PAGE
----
Rampant graft under S.Africa’s Zuma detailed in new report
South African investigators Tuesday released a 646-page report detailing how rampant corruption under former president Jacob Zuma undermined both the public logistics company Transnet and the state arms firm Denel.
outh African investigators Tuesday released a 646-page report detailing how rampant corruption under former president Jacob Zuma undermined both the public logistics company Transnet and the state arms firm Denel.
The report is the second of an expected three volumes drafted by a special commission headed by interim Constitutional Court Chief Justice Raymond Zondo.
The first volume was delivered in early January and dealt with corruption at national carrier South African Airways, the country’s tax collector and public procurement.
The latest report found procurement contracts at Transnet — the proprietor of all rail, ports and pipelines in South Africa — amounted to “planned offences of racketeering activity conducted by a racketeering enterprise” linked to the Guptas, a business family of Indian migrants who were also Zuma’s friends.
It said Transnet had become the “primary site” of state corruption.
Over nearly three years, the Zondo commission heard accounts of rampant misappropriation of funds from more than 300 witnesses, who included business people, civil servants and intelligence officers.
Just over 1,400 individuals and entities were implicated.
Much of the evidence related to a wealthy Indian immigrant family headed by three brothers — Ajay, Atul and Rajesh Gupta — all accused of wielding undue influence over Zuma.
Zuma, 79, became post-apartheid South Africa’s fourth president in May 2009, succeeding Kgalema Motlanthe.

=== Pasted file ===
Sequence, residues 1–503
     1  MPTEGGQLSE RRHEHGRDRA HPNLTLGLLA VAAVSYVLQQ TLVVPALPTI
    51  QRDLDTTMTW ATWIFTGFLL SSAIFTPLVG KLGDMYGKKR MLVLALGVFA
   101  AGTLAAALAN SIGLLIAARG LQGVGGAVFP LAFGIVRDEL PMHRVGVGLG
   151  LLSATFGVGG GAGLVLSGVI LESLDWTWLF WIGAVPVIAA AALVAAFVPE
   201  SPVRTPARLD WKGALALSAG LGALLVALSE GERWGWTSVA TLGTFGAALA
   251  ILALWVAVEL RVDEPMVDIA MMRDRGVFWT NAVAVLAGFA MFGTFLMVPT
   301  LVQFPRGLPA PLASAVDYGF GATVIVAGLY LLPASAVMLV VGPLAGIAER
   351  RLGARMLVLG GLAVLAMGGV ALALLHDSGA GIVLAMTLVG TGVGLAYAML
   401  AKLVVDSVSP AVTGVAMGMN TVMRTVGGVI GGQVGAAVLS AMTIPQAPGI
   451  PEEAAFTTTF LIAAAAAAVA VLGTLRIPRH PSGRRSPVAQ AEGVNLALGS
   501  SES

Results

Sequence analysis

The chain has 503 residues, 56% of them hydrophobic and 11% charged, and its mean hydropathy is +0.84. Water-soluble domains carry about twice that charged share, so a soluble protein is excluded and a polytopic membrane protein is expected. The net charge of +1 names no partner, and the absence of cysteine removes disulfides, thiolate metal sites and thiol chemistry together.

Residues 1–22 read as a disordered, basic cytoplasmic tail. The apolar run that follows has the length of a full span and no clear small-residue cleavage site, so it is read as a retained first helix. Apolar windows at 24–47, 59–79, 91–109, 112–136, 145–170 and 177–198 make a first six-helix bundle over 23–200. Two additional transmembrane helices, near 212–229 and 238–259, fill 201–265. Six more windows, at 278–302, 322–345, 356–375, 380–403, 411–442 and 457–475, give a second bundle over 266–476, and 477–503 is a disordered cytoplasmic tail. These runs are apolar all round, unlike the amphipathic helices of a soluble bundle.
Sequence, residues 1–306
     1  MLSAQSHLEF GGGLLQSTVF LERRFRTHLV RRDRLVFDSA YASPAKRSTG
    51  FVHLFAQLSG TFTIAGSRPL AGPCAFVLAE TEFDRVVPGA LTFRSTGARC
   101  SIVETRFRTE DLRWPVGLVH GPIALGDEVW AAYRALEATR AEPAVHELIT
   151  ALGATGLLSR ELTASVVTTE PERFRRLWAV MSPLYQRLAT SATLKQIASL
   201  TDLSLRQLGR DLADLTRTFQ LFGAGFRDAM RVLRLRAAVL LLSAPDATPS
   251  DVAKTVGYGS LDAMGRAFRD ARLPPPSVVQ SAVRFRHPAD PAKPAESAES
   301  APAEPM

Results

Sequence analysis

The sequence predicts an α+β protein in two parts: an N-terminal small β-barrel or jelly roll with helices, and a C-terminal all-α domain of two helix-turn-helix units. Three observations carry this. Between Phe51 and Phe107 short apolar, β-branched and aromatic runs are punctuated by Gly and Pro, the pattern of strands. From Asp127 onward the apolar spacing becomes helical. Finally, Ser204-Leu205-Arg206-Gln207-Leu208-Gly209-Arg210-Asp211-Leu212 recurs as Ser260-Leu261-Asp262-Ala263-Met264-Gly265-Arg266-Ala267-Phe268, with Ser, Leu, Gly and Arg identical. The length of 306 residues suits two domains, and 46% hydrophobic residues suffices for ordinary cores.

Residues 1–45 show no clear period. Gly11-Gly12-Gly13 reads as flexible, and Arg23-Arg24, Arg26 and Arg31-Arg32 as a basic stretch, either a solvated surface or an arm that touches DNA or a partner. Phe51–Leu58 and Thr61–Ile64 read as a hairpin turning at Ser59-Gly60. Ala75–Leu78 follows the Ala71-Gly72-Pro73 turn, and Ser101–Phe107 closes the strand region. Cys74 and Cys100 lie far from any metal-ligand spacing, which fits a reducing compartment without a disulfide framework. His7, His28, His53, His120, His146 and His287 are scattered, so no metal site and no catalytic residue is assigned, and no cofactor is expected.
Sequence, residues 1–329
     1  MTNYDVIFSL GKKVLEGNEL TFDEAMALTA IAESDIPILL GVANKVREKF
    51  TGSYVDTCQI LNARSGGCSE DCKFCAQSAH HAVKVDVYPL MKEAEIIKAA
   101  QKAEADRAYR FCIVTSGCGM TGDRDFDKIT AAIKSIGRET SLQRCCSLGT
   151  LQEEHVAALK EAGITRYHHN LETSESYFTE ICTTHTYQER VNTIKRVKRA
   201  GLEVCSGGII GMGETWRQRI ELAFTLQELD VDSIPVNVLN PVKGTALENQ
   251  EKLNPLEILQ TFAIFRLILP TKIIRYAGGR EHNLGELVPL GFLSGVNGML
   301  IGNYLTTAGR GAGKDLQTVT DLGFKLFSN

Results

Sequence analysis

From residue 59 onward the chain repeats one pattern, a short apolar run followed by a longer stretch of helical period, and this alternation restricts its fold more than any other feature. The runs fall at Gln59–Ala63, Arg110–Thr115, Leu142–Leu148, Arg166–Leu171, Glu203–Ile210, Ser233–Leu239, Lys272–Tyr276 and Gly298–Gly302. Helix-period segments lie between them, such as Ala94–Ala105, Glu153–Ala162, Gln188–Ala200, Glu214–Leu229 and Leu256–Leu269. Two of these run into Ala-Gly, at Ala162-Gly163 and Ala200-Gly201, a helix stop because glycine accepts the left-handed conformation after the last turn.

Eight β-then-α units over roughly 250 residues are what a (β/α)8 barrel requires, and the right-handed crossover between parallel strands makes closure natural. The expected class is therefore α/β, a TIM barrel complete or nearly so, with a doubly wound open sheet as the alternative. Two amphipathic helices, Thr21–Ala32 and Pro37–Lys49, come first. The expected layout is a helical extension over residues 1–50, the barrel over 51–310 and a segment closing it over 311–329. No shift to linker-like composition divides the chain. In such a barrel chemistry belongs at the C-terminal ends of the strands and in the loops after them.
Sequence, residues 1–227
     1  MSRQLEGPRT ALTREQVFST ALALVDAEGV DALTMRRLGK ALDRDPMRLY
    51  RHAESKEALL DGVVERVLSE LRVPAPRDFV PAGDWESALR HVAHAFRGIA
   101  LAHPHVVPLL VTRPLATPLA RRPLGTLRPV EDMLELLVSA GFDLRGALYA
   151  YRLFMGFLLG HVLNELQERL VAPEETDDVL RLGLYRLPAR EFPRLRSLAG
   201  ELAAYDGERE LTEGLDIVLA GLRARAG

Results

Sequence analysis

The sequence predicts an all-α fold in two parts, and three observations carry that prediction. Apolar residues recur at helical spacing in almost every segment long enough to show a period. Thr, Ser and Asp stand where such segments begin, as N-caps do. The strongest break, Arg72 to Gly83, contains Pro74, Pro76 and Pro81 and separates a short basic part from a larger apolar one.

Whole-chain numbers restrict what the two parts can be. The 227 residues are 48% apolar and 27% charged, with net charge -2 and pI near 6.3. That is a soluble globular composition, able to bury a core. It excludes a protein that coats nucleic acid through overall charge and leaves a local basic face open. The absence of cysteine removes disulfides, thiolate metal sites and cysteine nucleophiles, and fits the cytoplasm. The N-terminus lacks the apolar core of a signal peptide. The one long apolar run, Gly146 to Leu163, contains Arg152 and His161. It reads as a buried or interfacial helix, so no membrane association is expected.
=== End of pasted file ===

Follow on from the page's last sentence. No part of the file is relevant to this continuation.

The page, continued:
But his presidency gained a reputation for corruption, with cronies influencing government appointments, contracts and state businesses.
The web-like process, known in South Africa as “state capture”, led to losses equivalent at the time to nearly $7 billion, according to an estimate by Pravin Gordhan, a former finance minister now in charge of state-owned companies.
Zuma’s refusal to testify to the commission prompted the Constitutional Court to order his imprisonment for contempt in July.
His jailing sparked violent protests that spawned rioting and looting in his home region, KwaZulu-Natal, and around Johannesburg.
More than 300 people were killed in the deadliest unrest of South Africa’s democratic era.
Despite the reputation of his presidency, Zuma remains popular among many grassroots African National Congress (ANC) members.
In a separate case, Zuma is facing 16 charges of fraud, graft and racketeering relating to a 1999 purchase of military equipment from five European arms companies when he was deputy president.
The Zondo commission’s final report is expected to be released by the end of the month.
President Cyril Ramaphosa is to submit the full report to parliament by June 30, stating how he wants the recommendations by the top-level commission to be implemented.
“We should now apply our energies to the commission’s recommendations and take the necessary steps to make sure we never (again) face this onslaught on public resources and on the fabric of our society,” said Ramaphosa in a statement.